So they've kept the model more or less the same. Café Monarch's menu under Neinke's control will still change day-to-day. He will continue to serve three courses for $45 a person. He will continue to be a one-man show in the kitchen. And in Nienke's words, the style of cuisine will continue to be "simple, straightforward, no bullshit food."
"A raspberry should taste like a raspberry," Nienke explains. "Food should taste like what it is."
This will be Nienke's first experience taking the reins at his own restaurant -- though of course, he won't have to worry about overseeing an entire kitchen full of staff. Having 100 dinners to handle alone every night won't be easy, either, but Neinke says he's not fazed by the idea.
"I'm comfortable in my own skin," he says, pointing out that after 15 years of cooking he's more than ready to do things his own way.
Nienke grew up in Bakersfield, California, and moved away at 19 to go to junior college in Long Beach. In November 1998, he started working as a dishwasher at "a short order burger joint" and believe it or not, that's when he discovered his love for the culinary arts.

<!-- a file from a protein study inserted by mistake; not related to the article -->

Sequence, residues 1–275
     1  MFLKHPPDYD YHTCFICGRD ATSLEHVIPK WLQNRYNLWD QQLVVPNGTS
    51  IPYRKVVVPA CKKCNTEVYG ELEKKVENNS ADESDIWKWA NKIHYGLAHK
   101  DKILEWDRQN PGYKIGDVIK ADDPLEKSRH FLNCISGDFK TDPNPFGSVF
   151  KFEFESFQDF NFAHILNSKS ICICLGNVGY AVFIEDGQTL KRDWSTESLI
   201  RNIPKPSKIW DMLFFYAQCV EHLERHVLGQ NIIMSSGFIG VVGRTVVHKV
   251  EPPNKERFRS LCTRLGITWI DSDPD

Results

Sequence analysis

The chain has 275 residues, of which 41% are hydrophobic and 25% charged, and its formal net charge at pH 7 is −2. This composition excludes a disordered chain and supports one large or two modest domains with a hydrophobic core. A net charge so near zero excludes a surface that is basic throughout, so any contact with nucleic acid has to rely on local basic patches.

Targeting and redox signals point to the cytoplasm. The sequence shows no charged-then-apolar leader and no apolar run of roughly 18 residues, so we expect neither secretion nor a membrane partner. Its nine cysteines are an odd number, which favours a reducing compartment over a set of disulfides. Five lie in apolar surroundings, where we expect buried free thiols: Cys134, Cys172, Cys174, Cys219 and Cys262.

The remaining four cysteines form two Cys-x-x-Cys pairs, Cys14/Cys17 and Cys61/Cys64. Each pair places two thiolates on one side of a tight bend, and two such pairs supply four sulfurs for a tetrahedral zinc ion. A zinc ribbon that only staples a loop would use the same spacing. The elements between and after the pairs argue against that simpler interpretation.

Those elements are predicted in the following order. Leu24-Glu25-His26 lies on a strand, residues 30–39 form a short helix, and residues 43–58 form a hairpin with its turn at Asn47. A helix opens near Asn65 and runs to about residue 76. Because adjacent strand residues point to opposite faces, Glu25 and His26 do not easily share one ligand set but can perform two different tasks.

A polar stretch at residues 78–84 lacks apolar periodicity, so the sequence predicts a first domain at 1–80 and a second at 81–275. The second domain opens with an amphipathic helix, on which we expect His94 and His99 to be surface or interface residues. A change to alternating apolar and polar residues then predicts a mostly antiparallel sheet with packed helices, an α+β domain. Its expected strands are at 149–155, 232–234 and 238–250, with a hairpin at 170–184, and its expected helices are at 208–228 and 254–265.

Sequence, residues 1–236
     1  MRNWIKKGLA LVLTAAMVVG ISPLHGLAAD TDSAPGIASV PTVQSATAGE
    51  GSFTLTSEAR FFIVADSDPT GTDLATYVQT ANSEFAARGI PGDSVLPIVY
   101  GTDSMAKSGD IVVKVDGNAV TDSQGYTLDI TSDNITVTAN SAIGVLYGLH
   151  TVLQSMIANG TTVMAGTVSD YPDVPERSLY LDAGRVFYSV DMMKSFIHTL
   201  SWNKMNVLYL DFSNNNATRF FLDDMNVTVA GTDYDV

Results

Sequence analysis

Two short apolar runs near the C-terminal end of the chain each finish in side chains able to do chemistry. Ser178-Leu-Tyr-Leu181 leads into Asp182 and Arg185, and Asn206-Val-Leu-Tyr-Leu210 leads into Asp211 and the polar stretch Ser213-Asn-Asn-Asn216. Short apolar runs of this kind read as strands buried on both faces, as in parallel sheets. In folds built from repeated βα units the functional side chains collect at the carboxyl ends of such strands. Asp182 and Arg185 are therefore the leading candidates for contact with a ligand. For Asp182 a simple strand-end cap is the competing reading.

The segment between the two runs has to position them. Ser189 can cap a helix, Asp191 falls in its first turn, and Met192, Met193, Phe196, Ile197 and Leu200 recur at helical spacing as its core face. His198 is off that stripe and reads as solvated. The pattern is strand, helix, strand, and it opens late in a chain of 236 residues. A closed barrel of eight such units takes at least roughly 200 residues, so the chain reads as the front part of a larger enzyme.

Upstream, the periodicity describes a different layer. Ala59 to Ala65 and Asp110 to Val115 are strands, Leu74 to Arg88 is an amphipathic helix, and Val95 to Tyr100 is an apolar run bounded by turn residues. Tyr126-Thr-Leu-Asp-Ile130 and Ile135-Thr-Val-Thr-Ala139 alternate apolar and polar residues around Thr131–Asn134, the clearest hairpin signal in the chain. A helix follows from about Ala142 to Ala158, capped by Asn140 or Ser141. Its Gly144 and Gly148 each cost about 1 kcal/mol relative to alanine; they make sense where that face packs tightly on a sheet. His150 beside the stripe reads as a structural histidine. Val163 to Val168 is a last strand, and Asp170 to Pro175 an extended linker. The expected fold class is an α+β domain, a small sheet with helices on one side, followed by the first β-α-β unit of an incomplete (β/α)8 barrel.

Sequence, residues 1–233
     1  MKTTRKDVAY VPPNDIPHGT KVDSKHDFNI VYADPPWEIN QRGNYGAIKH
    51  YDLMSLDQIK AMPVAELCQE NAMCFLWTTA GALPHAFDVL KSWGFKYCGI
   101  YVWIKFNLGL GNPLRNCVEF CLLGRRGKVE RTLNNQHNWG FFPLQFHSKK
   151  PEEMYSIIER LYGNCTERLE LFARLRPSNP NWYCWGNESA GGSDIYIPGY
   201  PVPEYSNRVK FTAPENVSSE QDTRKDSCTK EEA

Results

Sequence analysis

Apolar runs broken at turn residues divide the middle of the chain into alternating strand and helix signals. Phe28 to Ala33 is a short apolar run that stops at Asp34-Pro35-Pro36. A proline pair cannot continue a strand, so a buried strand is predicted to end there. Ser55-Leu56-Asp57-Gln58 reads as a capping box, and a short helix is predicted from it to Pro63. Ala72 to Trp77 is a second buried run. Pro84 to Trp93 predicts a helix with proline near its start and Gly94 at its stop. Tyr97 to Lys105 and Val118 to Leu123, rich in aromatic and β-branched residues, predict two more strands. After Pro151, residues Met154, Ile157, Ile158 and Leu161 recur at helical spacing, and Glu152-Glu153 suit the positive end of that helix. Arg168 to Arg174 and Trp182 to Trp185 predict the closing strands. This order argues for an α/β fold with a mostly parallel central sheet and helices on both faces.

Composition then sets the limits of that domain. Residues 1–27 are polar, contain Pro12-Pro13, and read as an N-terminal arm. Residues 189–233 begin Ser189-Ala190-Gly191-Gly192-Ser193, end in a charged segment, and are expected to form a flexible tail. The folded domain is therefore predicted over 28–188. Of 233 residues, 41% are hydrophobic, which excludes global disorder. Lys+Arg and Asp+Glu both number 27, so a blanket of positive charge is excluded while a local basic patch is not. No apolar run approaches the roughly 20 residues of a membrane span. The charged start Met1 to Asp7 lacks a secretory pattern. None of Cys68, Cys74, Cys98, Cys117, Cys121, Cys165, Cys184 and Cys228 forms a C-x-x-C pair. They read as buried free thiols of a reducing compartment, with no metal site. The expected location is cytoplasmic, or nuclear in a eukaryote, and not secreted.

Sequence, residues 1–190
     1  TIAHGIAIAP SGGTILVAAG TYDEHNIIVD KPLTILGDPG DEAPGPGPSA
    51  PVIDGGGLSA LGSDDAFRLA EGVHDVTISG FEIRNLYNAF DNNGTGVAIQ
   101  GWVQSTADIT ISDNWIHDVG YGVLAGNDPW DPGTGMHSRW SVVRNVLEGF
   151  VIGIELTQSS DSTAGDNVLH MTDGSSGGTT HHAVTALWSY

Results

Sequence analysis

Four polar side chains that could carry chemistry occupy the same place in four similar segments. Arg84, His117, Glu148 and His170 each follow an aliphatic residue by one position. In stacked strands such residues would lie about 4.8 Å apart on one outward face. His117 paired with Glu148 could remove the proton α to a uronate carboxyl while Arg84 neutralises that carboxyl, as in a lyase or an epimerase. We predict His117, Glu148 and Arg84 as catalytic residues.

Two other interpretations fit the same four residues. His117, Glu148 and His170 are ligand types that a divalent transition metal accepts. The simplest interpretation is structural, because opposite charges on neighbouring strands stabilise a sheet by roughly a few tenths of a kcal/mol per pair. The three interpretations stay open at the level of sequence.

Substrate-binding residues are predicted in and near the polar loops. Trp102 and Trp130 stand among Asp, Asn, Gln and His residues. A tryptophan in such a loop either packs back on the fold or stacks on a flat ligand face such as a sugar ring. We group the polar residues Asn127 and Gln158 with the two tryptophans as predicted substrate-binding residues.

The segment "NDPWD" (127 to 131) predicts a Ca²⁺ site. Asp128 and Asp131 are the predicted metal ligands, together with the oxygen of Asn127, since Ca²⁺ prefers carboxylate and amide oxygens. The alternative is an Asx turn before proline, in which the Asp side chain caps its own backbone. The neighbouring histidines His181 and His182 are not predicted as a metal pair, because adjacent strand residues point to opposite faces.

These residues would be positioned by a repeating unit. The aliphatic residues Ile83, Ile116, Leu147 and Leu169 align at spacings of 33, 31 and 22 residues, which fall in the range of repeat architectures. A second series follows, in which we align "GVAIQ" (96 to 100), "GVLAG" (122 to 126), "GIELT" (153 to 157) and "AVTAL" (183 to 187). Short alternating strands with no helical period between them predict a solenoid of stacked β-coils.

"I knew what I wanted to do," he says. "I was scrubbing a pot and it's like the angels came down." (Insert angelic "Haaa" sound here.)
In 2004, he moved to San Diego to work with various chefs in the city's restaurant- and bar-saturated Gaslamp District. He started at Burlap, a sister restaurant to Searsucker that's since closed, when the San Diego Searsucker was just nine months old. Then, when Malarkey wanted to take the show to Scottsdale in late 2012, Neinke packed up and headed to the Valley.